Humanity Series, Part 2: Sexual Harassment

Sexual Harassment. This is a topic on which I have many complex and diverse thoughts. It is particularly tough because it hits close to home for me. I have two young daughters that I don’t want growing up in a world where they feel uncomfortable or unsafe. I hope that by exploring my thoughts on the issue I can ensure the ladies in my life don’t experience the harassment or unwanted advances that seem so prevalent in our world. 

As I mentioned in a previous post, one of the men in the recent firestorm of public stories was someone I knew personally. The story hit too close to home for me and made me seriously consider the world in which my children are growing up. Do I want my daughters to ever have the feeling of needing to exchange some form of sex for a job? It’s sad to say, but this is the world we live in, whether you see it first hand or not. I don’t know how to change this personally, but I think at least the conversation and awareness being created will help. The hard part for me is knowing what constitutes harassment, but I think ultimately if a woman (or man for that matter) is put in a situation they don’t feel comfortable in, and they voice that opinion clearly, then the other person needs to respect their opinion and evaluate their own actions. Obviously their are many types of predatory behaviors that clearly cross a line and are even illegal or criminal. In those cases I sincerely hope that the authorities pursue any case they can to bring justice to the victims. Creating strong and clear punishments will ultimately be the biggest deterrent to these types of actions. 

What am I personally doing with my kids to protect them? Well the first step is education. We explained to our children that if anyone EVER makes them feel uncomfortable they need to speak up. We have a rule: NO secrets from mommy. So while my wife might never be surprised again with anything fun (sorry babe), we know that any and all information gets told to her. They know to tell her first and also that they should tell me or another grown up they trust. There is no shame in admitting your feelings or expressing them. By hiding these feelings, predators are able to continue their dangerous behavior. Another thing we have chosen to do is to encourage our children to take self defense classes. A friend of one of my daughters was biting her at school. She told the boy to stop and told my wife. My wife reminded her to tell the teacher but that she could defend herself if it happened again. He bit her again and she defended herself by smacking the boy in the face. While we don’t encourage violence, I am glad she followed the steps she had learned. She used her words and when that didn’t work she defended her body. To be fair they are 4 (and good friends), so this type of behavior is somewhat normal, if not expected at that age. When we saw our school offered judo classes we decided to sign our girls up so they could learn to properly defend themselves. They are the only girls in the class. It will give me piece of mind when they are older to know they will be comfortable defending themselves if a boy does something they shouldn’t.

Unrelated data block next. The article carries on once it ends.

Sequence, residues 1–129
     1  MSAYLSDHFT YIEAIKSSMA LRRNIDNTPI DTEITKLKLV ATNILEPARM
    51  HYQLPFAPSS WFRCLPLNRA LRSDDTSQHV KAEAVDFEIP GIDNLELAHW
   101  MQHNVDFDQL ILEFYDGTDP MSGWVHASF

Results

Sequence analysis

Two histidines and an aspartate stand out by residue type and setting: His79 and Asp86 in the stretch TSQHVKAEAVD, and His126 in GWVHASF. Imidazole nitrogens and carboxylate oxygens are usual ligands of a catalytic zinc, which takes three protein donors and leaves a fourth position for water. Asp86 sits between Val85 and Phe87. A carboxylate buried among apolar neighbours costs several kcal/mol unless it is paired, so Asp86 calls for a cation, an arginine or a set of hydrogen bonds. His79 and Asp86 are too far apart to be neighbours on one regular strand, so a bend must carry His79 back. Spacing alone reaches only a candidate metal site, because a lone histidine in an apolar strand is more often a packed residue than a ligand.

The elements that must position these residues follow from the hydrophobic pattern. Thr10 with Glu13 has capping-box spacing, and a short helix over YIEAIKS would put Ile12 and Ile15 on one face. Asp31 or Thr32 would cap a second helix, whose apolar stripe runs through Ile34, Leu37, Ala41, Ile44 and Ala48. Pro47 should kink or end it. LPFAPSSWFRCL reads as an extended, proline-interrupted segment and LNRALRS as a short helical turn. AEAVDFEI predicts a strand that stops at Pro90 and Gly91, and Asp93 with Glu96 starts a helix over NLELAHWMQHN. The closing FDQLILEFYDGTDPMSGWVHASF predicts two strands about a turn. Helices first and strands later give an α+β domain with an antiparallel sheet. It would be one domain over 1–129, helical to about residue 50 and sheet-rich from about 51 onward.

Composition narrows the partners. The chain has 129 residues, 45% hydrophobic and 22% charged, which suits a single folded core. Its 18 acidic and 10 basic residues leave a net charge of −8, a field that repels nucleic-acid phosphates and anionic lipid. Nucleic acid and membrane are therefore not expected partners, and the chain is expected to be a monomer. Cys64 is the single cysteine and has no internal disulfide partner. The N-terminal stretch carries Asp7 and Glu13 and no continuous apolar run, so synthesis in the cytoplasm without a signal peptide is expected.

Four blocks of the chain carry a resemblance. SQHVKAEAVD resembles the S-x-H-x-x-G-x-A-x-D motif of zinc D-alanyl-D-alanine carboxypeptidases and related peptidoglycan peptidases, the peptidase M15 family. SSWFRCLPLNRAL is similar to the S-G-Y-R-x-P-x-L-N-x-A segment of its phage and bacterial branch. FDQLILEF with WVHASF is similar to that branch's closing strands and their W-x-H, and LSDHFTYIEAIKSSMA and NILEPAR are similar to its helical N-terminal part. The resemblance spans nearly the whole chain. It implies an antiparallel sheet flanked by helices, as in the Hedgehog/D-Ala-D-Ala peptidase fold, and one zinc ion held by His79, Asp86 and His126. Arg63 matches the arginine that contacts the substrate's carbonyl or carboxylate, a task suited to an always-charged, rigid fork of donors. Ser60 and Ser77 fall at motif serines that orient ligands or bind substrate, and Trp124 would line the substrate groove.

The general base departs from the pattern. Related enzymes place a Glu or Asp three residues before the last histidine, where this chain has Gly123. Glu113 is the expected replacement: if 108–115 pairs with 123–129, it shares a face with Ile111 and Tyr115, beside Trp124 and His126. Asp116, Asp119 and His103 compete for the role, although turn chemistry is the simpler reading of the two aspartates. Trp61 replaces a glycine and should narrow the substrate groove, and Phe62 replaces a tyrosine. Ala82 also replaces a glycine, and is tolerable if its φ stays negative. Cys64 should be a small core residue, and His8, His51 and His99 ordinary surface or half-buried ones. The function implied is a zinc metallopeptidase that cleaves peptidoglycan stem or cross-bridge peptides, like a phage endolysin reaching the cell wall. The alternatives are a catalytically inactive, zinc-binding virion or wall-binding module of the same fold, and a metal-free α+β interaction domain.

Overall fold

Ultimately, all of this makes me sad. While I am glad I am educating my children to understand the way this world works, it is tough to realize we need to start this young. I didn’t realize how ubiquitous this behavior was until it came out in the news cycle so aggressively. I knew it existed, but I did not realize how prevalent it was, and the degree to which the harassment was happening. In the business world, and in Hollywood in particular, it seems especially bad – people are taking advantage of their power to make life miserable for others. My message to them is: Get over yourself. Find a way to be honest about who you are. If you are doing something wrong, get help – go see someone who can diagnose and treat the problem. I wish that I could do more for this problem, but ultimately it starts with role models and people in power. If they are the ones continuing to use their power and influence in a predatory way, then the cycle won’t stop. We need to hold them accountable for their actions.

To the women and men who have gone public with their stories: I can’t imagine the strength it required or how difficult it is, but I want you to know you are the heroes who are changing the world and I am incredibly grateful.